NEW YORK (Mar. 15)
Somewhere on a ship in the Persian Gulf. That’s where Rabbi Joel Newman will lead a seder this Passover.
He’ll also lead seders, throughout the Passover week, in Bahrain, Kuwait and Saudi Arabia, bringing the holiday to Jewish personnel in the U.S. military.
The seder provides servicemen and women the opportunity to “vote with their feet,” Newman said in a telephone interview before flying off to the Gulf. “They’re not coming for the food; they’re coming because they’re seeking a Jewish experience that is lacking in their everyday military life.”
Newman, a military chaplain based at a naval station in San Diego, is one of about 30 Jewish chaplains in the U.S. armed forces who will be conducting Passover seders this year in places as far-flung as South Korea, the Mediterranean and Okinawa, an island off Japan.
In addition to flying the soldiers in for the seders, the military distributes kosher-for-Passover food kits for the whole week.
Although there are no precise statistics, there are an estimated 7,000 Jewish members of the armed forces, including the Army, Navy, Air Force and Marine Corps, out of the total military population of 1.4 million, according to the U.S. Department of Defense.
Seders — some in hot spots — have been conducted for military personnel since World War II, said Rabbi David Lapp, director of the Jewish Welfare Board Jewish Chaplains Council, which oversees Jewish issues in the military.
In 1996, for example, Lapp and Rabbi David Zalis led a Passover seder for 80 U.S. servicemen in Tuzla, Bosnia.
Seders have been conducted in the troubled Central European hot spot, where U.S. forces are stationed as international peacekeepers.
The seder in Bosnia, scheduled again for this year, is a tribute to those who are trying to “bring some semblance of freedom to people who don’t know it,” said Lapp.
In conjunction with the chaplains council, the military provides other programs during the rest of the year for Jewish soldiers stationed overseas.
Indeed, personnel who want to eat kosher meals can eat pre-packaged food that has been provided for the past three years by a Chicago-based company.
Vegetarian provisions and meals prepared according to Muslim dietary restrictions are supplied to the military by My Own Meals as well.
And there are programs for other Jewish holidays as well. For the High Holidays last year, Newman, 46, led services for about 30 on the USS Abraham Lincoln, an aircraft carrier then stationed in the Gulf.
With yarmulkes, candles and wine, a miniature Torah with camouflage cover and an ark provided by the Jewish Welfare Board — what Newman describes as an opened-up metal briefcase– “it looked like a nice little shul.”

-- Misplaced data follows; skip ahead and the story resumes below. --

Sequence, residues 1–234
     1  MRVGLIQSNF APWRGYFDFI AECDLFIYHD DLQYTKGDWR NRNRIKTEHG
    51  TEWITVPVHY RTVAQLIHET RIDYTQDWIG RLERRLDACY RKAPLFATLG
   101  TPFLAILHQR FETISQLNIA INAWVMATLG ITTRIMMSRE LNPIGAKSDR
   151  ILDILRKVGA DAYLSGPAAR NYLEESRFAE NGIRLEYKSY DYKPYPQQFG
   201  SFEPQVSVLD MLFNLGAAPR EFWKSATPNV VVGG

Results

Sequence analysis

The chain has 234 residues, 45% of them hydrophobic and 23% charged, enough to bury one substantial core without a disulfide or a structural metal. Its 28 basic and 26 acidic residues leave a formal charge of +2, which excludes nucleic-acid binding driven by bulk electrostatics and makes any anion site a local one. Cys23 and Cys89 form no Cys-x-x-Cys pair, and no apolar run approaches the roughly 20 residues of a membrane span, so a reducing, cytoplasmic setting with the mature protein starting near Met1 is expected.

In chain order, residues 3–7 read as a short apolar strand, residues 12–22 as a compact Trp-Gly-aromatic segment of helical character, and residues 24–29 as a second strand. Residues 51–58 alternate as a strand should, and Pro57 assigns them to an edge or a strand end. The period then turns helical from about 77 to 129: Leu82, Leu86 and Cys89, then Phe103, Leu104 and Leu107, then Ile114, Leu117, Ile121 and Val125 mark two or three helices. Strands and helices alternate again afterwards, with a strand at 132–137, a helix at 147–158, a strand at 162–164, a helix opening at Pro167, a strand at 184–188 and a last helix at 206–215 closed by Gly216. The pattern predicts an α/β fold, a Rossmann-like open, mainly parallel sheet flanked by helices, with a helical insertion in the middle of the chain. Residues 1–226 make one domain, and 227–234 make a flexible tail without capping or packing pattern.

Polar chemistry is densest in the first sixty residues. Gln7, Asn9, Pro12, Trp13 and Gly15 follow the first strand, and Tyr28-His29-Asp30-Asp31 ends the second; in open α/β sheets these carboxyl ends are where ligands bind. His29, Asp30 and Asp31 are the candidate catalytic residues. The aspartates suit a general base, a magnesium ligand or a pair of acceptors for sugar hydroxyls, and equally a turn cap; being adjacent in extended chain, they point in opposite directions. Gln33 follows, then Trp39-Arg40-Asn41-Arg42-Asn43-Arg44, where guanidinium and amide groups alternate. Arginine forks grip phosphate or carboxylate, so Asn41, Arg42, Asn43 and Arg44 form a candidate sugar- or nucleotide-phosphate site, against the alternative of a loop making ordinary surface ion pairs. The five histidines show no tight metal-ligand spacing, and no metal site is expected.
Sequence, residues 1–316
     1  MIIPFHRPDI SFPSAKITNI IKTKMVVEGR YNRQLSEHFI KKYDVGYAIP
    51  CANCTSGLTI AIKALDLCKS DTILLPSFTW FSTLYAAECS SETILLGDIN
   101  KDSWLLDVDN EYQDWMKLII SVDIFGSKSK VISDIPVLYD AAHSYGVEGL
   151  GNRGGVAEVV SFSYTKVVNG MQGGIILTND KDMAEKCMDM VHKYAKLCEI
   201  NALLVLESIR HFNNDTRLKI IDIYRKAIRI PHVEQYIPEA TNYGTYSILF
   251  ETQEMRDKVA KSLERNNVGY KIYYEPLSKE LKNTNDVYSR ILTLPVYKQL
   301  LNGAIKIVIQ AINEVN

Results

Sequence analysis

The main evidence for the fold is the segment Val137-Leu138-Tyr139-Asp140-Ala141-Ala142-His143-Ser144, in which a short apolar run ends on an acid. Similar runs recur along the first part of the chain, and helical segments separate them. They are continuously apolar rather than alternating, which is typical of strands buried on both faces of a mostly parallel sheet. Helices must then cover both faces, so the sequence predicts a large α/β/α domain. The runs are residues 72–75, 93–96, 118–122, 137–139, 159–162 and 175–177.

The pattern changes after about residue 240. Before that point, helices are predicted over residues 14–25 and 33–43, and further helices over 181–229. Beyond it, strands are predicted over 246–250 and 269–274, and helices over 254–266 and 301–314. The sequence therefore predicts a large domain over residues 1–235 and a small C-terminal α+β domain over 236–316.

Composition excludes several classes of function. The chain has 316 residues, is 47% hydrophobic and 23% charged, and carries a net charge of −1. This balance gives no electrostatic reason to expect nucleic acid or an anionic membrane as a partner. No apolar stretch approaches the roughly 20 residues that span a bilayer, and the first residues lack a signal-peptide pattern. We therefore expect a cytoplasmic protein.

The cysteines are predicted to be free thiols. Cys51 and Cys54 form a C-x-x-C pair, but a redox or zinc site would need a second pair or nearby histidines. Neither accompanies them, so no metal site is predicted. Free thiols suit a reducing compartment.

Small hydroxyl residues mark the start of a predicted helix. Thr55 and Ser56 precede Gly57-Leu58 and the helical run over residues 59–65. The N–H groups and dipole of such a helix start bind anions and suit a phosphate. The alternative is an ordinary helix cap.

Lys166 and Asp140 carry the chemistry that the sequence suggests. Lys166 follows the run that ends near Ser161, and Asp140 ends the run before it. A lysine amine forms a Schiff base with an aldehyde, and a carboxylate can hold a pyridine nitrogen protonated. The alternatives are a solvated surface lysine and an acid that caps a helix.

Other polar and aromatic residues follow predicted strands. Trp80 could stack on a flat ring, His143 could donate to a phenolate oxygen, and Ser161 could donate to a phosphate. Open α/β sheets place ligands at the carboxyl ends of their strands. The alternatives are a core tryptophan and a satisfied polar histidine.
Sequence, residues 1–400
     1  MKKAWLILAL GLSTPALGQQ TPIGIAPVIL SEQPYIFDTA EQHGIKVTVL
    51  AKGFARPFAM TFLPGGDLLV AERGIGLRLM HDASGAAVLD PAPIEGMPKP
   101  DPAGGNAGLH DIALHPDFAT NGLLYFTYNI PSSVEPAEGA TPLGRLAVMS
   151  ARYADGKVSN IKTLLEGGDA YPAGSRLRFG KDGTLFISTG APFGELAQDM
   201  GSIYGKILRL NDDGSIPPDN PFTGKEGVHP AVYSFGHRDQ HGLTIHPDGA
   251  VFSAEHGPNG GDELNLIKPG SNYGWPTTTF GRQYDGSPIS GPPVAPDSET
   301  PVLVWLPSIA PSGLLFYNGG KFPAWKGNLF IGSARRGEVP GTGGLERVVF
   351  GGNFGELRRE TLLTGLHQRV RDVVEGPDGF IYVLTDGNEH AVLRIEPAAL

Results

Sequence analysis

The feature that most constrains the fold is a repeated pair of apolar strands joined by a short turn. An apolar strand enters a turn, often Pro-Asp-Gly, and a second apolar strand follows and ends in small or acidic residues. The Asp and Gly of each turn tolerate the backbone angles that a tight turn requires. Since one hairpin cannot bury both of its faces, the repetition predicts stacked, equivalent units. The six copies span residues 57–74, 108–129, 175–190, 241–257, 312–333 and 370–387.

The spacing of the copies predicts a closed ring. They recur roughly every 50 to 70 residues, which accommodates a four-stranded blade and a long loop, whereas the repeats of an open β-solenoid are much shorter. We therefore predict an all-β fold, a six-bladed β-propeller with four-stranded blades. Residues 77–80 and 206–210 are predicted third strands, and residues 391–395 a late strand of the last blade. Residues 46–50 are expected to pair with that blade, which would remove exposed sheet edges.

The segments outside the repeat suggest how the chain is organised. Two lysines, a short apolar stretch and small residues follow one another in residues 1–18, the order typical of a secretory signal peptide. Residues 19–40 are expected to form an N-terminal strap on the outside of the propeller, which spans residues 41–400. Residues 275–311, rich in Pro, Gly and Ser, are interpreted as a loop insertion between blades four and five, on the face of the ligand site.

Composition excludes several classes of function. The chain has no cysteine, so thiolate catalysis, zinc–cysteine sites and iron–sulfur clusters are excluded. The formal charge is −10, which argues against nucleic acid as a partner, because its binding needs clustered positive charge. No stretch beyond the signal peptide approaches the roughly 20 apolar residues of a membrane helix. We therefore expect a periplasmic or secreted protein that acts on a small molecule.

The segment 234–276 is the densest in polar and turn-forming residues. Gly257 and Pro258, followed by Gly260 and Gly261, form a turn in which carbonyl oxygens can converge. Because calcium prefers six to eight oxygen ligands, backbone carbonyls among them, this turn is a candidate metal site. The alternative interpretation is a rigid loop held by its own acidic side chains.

Since the services have to accommodate those who grew up in all Jewish denominations, as well as unaffiliated Jews, Newman, who was ordained at the Leo Baeck College in London and worked at congregations in St. Paul and Denver prior to joining the service in 1991, prepared his own prayer book.
Of course, there were some constraints: Rosh Hashanah and Yom Kippur had to be conducted in one day, with a break for what Newman calls a “traditional yontif meal” — fish, vegetables, and potatoes, as well as apples and honey.
The home base pays for the food that gets shipped to the servicemen, while the outfit to which the personnel belong — in this case, the Fifth Fleet — pays to fly in the servicemen.
In addition to working in the Persian Gulf, Newman has conducted services in Somalia and near Hawaii. He has also led a Tashlich service, the casting off of sins after Rosh Hashanah, in Tokyo Bay.
“You get around a little bit,” he said.
Newman says that members of the military — particularly younger personnel away from home for the first time — often become more interested in religion during their time of service.
In San Diego, for example, where, like other military chaplains, he attends to the needs of personnel of all faiths, he leads a Hebrew class for Jewish members of the Marines.
This religious renaissance, which Newman says is often encouraged by the military itself, is even more pronounced among personnel serving overseas.
“They get more observant as they get further away from home,” he says.
For the personnel in the Gulf, who work long hours in a heat that Newman estimates regularly hits 120 degrees, the services come as a welcome relief.
It’s a breather for “sailors whose Monday becomes Wednesday becomes Tuesday becomes Friday,” says Newman.
“It’s bringing a little piece of home to them. When you bring out that first bite of matzah, there’s no substitute for that.”